The Focusing Process

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Innis College Courses
Roger Riendeau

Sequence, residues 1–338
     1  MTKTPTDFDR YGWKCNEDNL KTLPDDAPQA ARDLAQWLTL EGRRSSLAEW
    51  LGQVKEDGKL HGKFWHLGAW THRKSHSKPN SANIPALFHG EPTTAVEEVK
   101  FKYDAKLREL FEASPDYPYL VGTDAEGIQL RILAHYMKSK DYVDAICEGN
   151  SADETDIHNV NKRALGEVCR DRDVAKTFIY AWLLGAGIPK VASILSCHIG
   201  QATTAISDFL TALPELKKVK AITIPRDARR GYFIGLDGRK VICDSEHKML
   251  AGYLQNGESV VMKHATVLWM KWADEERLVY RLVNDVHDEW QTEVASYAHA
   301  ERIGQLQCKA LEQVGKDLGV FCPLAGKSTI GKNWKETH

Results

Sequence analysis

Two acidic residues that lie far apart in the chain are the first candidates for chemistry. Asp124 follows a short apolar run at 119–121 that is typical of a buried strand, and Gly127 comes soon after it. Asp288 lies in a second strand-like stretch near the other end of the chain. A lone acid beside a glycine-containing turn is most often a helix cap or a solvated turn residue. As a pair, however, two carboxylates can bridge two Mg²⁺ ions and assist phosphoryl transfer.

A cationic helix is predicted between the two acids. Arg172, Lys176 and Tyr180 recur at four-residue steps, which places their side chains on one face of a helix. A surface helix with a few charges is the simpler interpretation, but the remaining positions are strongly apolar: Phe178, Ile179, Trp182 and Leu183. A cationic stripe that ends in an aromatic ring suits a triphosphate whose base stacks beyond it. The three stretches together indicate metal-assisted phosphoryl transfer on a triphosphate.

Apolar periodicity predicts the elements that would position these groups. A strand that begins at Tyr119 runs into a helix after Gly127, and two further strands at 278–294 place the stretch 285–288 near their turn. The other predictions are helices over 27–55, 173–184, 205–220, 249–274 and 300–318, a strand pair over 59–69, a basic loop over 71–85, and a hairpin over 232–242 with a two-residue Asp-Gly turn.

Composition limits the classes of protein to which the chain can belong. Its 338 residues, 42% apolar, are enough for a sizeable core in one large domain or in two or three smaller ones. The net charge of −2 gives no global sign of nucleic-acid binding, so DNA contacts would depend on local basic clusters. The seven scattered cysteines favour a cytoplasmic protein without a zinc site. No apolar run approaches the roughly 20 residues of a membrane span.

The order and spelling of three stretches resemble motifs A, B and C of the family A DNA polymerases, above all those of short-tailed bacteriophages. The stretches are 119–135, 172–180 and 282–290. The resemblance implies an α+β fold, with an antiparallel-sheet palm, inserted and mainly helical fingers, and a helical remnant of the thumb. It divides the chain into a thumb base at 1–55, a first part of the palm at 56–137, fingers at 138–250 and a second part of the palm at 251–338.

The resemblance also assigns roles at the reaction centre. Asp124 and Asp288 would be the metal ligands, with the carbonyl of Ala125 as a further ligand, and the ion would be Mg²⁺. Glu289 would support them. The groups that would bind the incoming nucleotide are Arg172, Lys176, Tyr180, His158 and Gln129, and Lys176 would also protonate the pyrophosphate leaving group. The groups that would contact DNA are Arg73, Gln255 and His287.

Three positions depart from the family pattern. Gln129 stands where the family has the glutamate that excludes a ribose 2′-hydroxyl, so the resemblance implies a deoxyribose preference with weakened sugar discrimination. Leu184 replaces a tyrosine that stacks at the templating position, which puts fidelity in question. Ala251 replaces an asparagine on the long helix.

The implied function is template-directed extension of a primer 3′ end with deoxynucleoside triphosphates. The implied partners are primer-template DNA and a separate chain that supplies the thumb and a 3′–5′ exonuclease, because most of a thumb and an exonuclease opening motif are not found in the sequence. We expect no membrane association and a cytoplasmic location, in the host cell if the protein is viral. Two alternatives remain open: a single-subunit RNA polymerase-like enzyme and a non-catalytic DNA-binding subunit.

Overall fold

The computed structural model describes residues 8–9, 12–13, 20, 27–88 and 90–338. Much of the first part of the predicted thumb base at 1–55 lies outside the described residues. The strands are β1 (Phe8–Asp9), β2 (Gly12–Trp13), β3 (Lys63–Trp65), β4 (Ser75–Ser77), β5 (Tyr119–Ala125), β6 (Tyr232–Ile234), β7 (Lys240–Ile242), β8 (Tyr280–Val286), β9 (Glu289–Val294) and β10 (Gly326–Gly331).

1 The first step in writing an essay is to find something to write about. Deciding what to write about is often at the root of the problem known as writer's block. It is not so much that the writer cannot think of anything to write about, but rather that the writer has too much to writer about and needs to be more focused. The decision about what to write is the product of a process called focusing, which (as the above diagram illustrates) involves the progressively narrowing movement from subject to topic to thesis. In academic writing, focusing is a dynamic process that requires constant thinking and rethinking, research, and writing and rewriting. The focusing process evolves through two key stages: moving from subject to topic by choosing and defining a viable topic; and formulating a thesis that represents the specific purpose or main idea of the 2 essay. The fate of an academic essay, at least its degree of success, is significantly shaped by the focusing process. Choosing and Defining a Topic Moving from Subject to Topic The first challenge in focusing is to distinguish between "subject" and "topic." A subject is a vast and general body of knowledge. For example, Media Studies is clearly recognizable as a subject that is too broad be the focus of an academic essay. Television commercials, as a specific aspect of media studies, could be referred to as a topic. A topic is the main organizing principle of a discussion, either verbal or written. Topics offer an occasion for writing and a framework that governs the writing. The ability to place boundaries on the subject by presenting a clearly and specifically defined and well-developed topic determines the effectiveness of the written presentation, for both the writer and the audience. The depth of analysis required in an academic essay demands extraordinary precision in the narrowing down of a subject into a topic. Therefore, a topic such as television commercials is too broad for an academic essay and, in effect remains within the realm of subject more than topic. Because a consideration of television commercials in childrens' programming is even more specific, this topic is moving further away from the concept of subject and thereby becoming increasingly suitable for an academic essay. But does it represent a sufficient focus? Answering this question requires attention to the following concerns: • Consider the wording, purpose, and expectations of the topic (whether assigned or self- directed) • Become more informed about the topic (usually through internet and/or library research • Narrow down to one (usually microscopic) aspect of the topic 3 • Determine the relevance of the topic for both writer and reader The Nature of Assigned Topics Often, the course instructor will assist in the focusing process by assigning a selection of topics for the student to choose. In most instances, even assigned topics tend to be too general or open-ended in nature, and thus require further definition and development in order to produce a well-focused essay. In a course on Media and Society, for example, the instructor may assign a topic that is a straightforward question: What is the impact of television commercials on modern society? Because such a question tends to invite a list of the many effects that a broad range of television commercials have on society as a whole, the instructor is more likely to "prompt" a consideration of this topic in a more complex way by phrasing it as a command: Discuss the impact of television commercials on modern society. "Discuss" (the prompt used most frequently by instructors) generally means (1) analyze the topic, (2) examine its constituent parts, (3) evaluate their relative importance, (4) and formulate a thesis persuasively supported by the findings. Sometimes, the instructor will endeavor to render the topic even more complex and open-ended by prefacing it with a thought-provoking statement, observation, or proposition: Andy Warhol has labeled television commercials as "the basic art form of the late twentieth century." Accordingly, discuss the impact of television commercials on modern society. Clearly the instructor is prompting the student to consider the cultural or aesthetic merits of television commercials in the process of determining their impact on society. To be successful in 4 focusing an academic essay topic, writers need to consider carefully their purpose for writing and the audience expectations. In an assigned topic, the audience expectations tend to be defined by the course instructor through the wording of the topic, thereby requiring the student to analyze the key words, such as "explain," "describe," or "evaluate." Students who ignore such prompts and audience expectations do so at their peril (see and The other challenge posed by the above topic is that it is too vast to be covered in an essay of 1,000 to 3,000 words. Too many questions remain to be answered before the topic is appropriately focused: How many television commercials can the essay analyze? Which television commercials are most suitable to be analyzed? What is meant by modern society? How many impacts of television commercials are sufficient to discuss? What did Andy Warhol mean by "art form"? The student needs to make many decisions to shape this topic with the degree of precision required in an academic essay. And, these decisions will vary greatly from one writer to the other; several different writers could take several different approaches to this topic. Narrowing Self-Directed Topics The instructor may further complicate students' focusing challenge by allowing them to choose and define their own topics without any suggestions. Students may find that the more freedom they have to pursue their own interests, the more intimidated they are by this challenge, and the less certain they are of what really is interesting to them. But writing assignments with open topic options represents an excellent opportunity either to explore and research issues that are existing personal concerns or to examine new interests. A well-chosen writing topic can lead 5 to the types of research questions that will fuel the writer's academic interests for years to come. At the very least, self-directed topics can be seen as occasions for making one's writing relevant and meaningful to one's own personal and academic concerns. Whether working from a list of assigned topics or selecting their own topic, students should consider four basic criteria for choosing topics. Interest: Something that sparks the writer's interest is bound to make working on the assignment more stimulating, and thus to enhance the writer's commitment to producing a more convincing   essay. Professional writers generate topics from their expertise, their understanding of the issues, questions, or problems in their respective disciplines, and their familiarity with the research and writing that has gone before them. While students do not necessarily have these assets at their disposal to the same degree, they have already made decisions about what they find interesting and worth their time to study in their choice of university programs and courses. Clearly, an economics specialist or major would be more interested in issues related to business, commerce, and finance. In conceiving writing topics, the logical first step is to consider issues, questions, or problems that have been past concerns, either on the basis of life experience or prior writing and research. Significant aspects of one's life experience and environment, such as problems in the workplace, family issues, matters having to do with university or campus life, or current events, may evoke strong feelings and responses that stimulate essay topics. Like professional writers, students should not be reluctant to consider topics that they have worked on for other writing assignments or for other classes. Although it is obviously not acceptable (indeed, an academic offence comparable to plagiarism) to recycle old essays from previous courses, it is more than acceptable (even advisable) to return to and to extend topics that have been written about in the past. Returning to the issues that have been an ongoing concern is common in scholarly writing. 6 Some preliminary reading may help to determine how deep one's interest goes and what kind of material  will be available to write the essay. Knowledge: It is not enough to write an essay on a topic like television commercials on the basis of the fact that one has viewed many of them and perhaps finds them interesting. It helps to know something about the subject already and to desire to know even more about it. The stronger the base of knowledge, the more solid the potential for building upon it. One valuable source of topic ideas is a subject search through an internet search engine, such as Yahoo or Google, or a database such as Wikipedia. Many sites can provide insight into current issues and perspectives on a subject and can lead to other relevant sites and printed sources. But such a subject search is merely a starting point in the process of narrowing down to a specific topic. Accordingly, library research will offer access either to a wealth of resources such as journals, reference books, and online resources related to a specific topic area(s) or to a reference librarian who has the expertise to discuss various topic ideas or to point out more resources. Even though personal experience and prior knowledge are good places to start when choosing topics for writing, it is important not to rule out those topics about which one knows very little but wishes to know more. A writing assignment can be an excellent opportunity to explore a topic about which one has a stronger motivation to learn than an existing knowledge base. This type of topic would, of course, require more research and investigation initially, but it would also have the benefit of being compelling by virtue of its "newness." Still, the evaluative reality of an academic essay renders learning "from scratch" a challenging, indeed precarious, opportunity. Above all, the reality is that research will often carry writers in different directions than they intended to go; so, they must be flexible enough to acknowledge that their research questions and topics must sometimes be adjusted or abandoned. 7 Relevance: Why is it important to resolve the issue, question, or problem raised by the topic? In addition to prior knowledge and a thirst for more, the writer must be driven by a sense of the purpose and relevance of the topic and, ultimately, the point of view adopted in response to it. To narrow the scope of a topic, writers often resort to asking themselves the "w" questions so familiar to journalists: Who? What? Where? When? Why? and How? (included even if it does not start with "w"). Asking these questions can help to locate specific points of interest within a